May 6th was momentous for Reade.

mo·men·tous (m-mnts) adj.

Of utmost importance; of outstanding significance.

February 3 is momentous for me. Like Reade’s moment of recognition on the bus, the event that occurred on that day is a vivid, sensurround, palpable memory. It was on February 3, 2009 at 3:30 pm that I learned over the phone that the lumps in my breast were malignant. So, on these first few days of February 2011, I’ve been spontaneously flashing on the experiences of two years ago, and weeping or welling with gratitude; and I’ve been thinking how strange it is that I’m so aware of the anniversary of the biopsy on Groundhog’s day and receiving the diagnosis the day after, but I do not remember the date of my last cancer treatment. It was sometime in November. I recall bringing a tray of cupcakes, or was it cookies, to the radiation team.  Oh, yes, cookies, chunky chocolate chip, that my daughter baked. And I remember being glad to be done by Thanksgiving; but I don’t remember the exact date, nor have I thought to celebrate or reflect in November.   (?)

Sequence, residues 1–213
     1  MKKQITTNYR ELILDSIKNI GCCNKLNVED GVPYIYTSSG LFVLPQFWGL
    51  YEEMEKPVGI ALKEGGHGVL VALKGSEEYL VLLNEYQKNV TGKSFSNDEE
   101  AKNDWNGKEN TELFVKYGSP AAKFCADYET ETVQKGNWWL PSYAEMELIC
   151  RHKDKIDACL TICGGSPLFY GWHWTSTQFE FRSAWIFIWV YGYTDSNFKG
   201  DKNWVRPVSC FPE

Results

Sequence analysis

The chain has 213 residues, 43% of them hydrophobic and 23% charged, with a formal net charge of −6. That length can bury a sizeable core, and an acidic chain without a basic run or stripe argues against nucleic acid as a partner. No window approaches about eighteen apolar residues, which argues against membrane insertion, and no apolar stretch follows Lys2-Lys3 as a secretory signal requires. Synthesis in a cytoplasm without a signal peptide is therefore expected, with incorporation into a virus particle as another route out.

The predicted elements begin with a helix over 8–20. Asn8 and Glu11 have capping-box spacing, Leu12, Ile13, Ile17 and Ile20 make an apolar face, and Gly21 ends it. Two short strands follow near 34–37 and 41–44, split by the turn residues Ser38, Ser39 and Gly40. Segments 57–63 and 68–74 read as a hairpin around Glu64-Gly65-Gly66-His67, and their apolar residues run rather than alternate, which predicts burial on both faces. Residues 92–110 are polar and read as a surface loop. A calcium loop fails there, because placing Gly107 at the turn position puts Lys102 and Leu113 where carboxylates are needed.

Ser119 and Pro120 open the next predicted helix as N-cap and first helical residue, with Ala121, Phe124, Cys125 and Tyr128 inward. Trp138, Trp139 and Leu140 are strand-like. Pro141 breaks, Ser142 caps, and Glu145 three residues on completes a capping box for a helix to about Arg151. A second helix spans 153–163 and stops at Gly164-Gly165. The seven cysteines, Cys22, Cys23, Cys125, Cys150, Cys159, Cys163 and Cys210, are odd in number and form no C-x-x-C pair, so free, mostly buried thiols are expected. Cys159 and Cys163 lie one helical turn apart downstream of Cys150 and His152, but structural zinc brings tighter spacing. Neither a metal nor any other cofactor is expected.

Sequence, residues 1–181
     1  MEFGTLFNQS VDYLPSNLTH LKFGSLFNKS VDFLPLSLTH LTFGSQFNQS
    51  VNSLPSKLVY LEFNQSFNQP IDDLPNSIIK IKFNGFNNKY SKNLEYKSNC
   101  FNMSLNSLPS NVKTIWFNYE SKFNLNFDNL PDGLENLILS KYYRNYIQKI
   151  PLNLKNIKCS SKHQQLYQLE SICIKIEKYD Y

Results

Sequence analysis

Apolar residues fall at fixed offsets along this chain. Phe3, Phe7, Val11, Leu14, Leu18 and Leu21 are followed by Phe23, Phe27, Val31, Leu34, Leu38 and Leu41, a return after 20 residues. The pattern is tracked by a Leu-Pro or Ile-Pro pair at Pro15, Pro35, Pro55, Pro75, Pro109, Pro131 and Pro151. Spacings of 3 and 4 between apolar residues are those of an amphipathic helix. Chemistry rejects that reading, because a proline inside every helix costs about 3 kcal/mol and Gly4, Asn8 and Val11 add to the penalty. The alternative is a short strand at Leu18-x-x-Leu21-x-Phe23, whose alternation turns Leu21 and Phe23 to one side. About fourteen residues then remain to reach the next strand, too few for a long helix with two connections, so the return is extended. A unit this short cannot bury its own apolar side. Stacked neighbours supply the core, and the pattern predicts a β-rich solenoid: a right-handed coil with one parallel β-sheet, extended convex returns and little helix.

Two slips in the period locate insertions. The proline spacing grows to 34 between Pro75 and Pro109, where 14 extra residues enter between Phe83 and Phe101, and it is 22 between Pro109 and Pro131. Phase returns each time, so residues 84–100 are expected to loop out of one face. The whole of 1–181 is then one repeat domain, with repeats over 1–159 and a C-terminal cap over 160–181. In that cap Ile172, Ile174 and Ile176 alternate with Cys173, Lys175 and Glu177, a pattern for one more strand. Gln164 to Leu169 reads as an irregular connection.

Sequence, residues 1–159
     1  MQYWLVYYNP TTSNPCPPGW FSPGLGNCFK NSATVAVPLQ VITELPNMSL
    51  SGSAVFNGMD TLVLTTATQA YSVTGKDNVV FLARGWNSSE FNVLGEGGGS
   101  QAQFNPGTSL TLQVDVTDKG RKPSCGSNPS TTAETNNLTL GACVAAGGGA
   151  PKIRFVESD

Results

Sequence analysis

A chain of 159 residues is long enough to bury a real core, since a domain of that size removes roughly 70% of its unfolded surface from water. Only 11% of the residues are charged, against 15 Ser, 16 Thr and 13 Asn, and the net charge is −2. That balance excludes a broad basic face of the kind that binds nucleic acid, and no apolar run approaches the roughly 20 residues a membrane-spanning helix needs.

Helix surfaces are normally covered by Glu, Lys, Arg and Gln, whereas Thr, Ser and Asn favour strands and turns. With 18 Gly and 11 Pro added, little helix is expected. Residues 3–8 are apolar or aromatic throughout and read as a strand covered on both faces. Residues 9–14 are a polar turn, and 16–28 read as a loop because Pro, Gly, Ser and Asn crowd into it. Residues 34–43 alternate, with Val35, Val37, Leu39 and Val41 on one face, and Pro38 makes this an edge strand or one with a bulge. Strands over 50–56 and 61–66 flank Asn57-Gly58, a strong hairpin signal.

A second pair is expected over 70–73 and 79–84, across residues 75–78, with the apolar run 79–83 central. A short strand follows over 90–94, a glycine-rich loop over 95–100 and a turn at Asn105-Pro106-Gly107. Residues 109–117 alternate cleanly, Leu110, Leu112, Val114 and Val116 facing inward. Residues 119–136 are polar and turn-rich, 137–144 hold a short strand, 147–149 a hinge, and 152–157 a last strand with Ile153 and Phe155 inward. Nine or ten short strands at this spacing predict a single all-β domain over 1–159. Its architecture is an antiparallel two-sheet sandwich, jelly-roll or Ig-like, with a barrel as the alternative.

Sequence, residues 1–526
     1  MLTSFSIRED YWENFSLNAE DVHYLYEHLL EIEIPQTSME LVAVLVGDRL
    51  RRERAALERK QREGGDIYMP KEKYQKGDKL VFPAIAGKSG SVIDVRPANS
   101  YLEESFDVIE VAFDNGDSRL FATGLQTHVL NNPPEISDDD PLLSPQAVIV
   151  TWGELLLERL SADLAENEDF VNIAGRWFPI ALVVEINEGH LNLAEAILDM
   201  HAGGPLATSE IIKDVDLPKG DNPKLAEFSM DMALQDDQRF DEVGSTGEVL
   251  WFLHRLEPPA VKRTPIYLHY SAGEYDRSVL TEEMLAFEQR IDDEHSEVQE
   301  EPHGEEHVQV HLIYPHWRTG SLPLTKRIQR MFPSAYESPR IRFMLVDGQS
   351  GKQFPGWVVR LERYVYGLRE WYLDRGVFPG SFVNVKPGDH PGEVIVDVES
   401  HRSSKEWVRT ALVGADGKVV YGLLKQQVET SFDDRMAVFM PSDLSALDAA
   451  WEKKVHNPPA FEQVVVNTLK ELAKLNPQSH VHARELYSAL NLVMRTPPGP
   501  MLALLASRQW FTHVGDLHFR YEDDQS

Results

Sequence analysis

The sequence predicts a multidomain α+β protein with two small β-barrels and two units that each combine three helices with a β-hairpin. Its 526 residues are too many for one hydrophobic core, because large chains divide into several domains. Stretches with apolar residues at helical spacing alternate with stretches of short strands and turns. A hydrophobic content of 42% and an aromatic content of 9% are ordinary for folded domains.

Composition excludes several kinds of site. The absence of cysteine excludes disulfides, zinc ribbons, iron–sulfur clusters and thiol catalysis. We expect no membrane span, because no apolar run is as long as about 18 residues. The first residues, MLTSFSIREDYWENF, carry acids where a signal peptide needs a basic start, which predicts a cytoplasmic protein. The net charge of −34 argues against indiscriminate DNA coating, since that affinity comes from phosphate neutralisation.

Maybe I don’t have definitive memories of the end because a breast cancer experience doesn’t end with the last of the aggressive treatments. In my case, there’s hormone therapy for five years, and, like everyone else, there’s continuous check-ups and close monitoring. People still ask, “how are you?” with extra oomph, and comment on how good I look with a tone that speaks to health and not beauty. I don’t mind. It’s great that people care. I’m just musing about what makes a momentous occasion so memorable. And, you know what I think? I think it’s the condensed energy – the momentum – that’s in the flick of the finger that tips the first domino.